Growing lawlessness in the Sinai Peninsula caused Israeli leaders to privately demand that Cairo take control of the situation. Egyptian officials then decided to send a squadron of 1,000 soldiers into the area after receiving permission from Israel to do so (as part of the Camp David accords, Egyptian troop movements into the demilitarized zone must be coordinated with Jerusalem). Troops entered the area on August 15, heading mainly to the north where the pipeline attacks have taken place. An existing small border police patrol force was already operating as usual along the 150 mile shared border with Israel, where the Netanyahu government is constructing a security fence (way too slowly, say many critics). The police force had long proved to be ill-equipped to halt a constant flow of illegal infiltration into Israel across the mostly unmarked desert border, with thousands of migrants entering Israeli territory each year, mostly coming from the war-ravaged African country of Sudan, or Somalia.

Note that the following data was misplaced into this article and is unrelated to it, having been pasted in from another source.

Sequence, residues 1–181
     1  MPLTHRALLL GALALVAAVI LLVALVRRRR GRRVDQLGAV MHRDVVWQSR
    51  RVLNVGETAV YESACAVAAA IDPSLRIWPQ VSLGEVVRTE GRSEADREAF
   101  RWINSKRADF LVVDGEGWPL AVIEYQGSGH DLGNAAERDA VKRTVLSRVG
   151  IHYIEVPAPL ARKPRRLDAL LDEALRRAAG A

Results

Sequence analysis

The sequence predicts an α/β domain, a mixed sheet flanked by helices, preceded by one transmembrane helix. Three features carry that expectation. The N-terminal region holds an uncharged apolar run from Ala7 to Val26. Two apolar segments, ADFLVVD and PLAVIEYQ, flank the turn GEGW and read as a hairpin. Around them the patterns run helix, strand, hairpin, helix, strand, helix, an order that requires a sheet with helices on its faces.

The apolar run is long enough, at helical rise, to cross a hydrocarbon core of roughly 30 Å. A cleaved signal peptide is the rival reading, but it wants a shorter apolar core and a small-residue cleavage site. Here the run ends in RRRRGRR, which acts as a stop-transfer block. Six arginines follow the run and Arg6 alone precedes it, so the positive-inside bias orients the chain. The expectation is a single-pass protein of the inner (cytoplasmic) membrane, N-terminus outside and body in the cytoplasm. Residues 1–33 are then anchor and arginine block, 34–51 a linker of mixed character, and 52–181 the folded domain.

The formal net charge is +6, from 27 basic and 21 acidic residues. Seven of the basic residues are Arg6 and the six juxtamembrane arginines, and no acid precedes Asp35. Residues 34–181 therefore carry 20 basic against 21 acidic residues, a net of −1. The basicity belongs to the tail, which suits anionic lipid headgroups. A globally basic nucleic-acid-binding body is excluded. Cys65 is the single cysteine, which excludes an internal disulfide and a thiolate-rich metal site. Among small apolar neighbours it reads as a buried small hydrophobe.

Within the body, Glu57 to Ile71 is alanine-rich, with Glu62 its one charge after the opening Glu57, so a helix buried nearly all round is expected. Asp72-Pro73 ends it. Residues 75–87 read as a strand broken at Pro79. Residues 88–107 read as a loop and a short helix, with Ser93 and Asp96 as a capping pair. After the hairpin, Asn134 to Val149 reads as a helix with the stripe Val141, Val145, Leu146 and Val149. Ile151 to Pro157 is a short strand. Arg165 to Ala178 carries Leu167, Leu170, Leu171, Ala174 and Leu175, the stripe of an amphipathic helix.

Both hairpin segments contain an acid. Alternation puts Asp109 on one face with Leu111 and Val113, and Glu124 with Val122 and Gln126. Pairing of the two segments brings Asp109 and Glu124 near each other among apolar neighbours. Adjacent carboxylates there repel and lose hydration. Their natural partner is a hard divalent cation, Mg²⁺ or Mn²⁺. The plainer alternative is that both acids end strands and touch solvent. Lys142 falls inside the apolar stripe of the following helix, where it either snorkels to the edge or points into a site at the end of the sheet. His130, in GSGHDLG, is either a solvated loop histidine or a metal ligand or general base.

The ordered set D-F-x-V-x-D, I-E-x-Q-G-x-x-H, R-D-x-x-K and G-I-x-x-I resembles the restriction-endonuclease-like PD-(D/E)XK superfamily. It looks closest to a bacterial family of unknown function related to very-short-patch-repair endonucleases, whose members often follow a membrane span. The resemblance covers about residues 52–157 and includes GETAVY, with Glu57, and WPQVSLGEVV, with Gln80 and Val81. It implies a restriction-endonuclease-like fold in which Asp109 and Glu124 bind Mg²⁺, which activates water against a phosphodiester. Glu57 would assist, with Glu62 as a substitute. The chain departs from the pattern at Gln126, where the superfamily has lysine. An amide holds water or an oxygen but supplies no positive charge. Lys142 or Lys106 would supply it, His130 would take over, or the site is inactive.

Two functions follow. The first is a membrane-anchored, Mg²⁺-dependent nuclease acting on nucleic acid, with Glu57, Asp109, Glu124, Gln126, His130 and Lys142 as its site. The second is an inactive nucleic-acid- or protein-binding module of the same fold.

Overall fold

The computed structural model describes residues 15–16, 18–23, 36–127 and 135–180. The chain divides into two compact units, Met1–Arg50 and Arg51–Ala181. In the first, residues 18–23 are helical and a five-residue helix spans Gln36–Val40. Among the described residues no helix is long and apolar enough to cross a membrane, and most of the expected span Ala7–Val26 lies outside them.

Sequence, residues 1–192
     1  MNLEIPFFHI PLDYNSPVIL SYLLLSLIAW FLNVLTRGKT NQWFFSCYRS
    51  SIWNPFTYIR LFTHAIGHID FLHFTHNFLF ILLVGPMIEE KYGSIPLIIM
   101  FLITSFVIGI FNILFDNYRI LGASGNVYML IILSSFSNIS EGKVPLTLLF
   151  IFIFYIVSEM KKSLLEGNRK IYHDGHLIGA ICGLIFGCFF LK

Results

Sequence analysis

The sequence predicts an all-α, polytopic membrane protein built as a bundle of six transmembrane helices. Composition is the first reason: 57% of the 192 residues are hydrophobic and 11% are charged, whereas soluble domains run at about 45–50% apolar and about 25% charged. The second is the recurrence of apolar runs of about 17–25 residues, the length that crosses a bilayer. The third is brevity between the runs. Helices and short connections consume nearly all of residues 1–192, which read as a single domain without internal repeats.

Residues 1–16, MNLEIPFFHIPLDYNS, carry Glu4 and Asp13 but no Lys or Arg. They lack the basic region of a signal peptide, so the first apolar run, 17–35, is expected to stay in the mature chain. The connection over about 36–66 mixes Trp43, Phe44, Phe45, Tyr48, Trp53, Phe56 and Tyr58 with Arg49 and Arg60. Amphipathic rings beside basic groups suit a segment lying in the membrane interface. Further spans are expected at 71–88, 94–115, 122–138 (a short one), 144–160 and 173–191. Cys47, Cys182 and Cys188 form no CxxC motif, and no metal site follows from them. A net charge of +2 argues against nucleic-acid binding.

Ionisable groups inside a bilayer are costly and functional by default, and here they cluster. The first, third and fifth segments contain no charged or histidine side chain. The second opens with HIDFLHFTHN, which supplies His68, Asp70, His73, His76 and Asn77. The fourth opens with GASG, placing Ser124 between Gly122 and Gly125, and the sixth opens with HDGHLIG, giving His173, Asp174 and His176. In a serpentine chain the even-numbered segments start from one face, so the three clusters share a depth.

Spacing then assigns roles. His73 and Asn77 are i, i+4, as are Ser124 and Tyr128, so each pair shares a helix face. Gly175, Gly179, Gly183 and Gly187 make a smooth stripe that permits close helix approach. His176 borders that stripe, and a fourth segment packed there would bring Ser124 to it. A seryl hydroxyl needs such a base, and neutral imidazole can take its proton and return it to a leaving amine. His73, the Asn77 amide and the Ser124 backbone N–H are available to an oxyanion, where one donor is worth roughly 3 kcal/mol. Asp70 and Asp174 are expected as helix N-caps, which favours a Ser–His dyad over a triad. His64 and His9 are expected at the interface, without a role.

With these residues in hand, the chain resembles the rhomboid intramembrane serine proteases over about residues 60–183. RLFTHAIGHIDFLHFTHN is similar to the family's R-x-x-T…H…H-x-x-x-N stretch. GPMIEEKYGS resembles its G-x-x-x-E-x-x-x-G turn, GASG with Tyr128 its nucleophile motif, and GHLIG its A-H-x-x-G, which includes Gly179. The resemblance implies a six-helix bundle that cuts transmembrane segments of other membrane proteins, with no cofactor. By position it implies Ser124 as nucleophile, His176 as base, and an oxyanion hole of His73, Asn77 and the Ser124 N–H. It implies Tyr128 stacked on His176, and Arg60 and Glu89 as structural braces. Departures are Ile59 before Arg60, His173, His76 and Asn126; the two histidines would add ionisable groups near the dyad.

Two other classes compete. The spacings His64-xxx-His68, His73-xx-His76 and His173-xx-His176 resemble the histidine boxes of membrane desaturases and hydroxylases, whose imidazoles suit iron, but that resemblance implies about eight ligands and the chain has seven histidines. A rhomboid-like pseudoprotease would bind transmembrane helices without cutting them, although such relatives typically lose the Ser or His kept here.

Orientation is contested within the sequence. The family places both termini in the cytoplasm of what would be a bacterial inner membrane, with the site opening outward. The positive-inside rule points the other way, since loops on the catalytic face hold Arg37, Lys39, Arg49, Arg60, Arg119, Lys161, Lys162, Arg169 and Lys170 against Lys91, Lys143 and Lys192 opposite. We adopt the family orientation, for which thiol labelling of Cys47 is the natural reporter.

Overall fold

DYING FOR ALLAH
Given this background, it was no surprise to Israeli officials when intelligence agents learned in early August that a major Palestinian terrorist operation was being planned in the Gaza Strip to be launched from Sinai into southern Israel. Arab sources indicated the plan was in its final stages of readiness, and would include a large number of terrorists infiltrating across the international border into the Israeli Negev Desert north of the port city of Eilat. However the sources indicated the goal would be to kidnap more Israeli soldiers in a similar fashion to the cross border Hamas raid that nabbed IDF soldier Gilad Shalit in June 2006 (talks to secure his release stalled in Cairo in August). This information led IDF and police officers to assume any infiltration would take place under the cover of darkness, not during the middle of the sun-soaked day.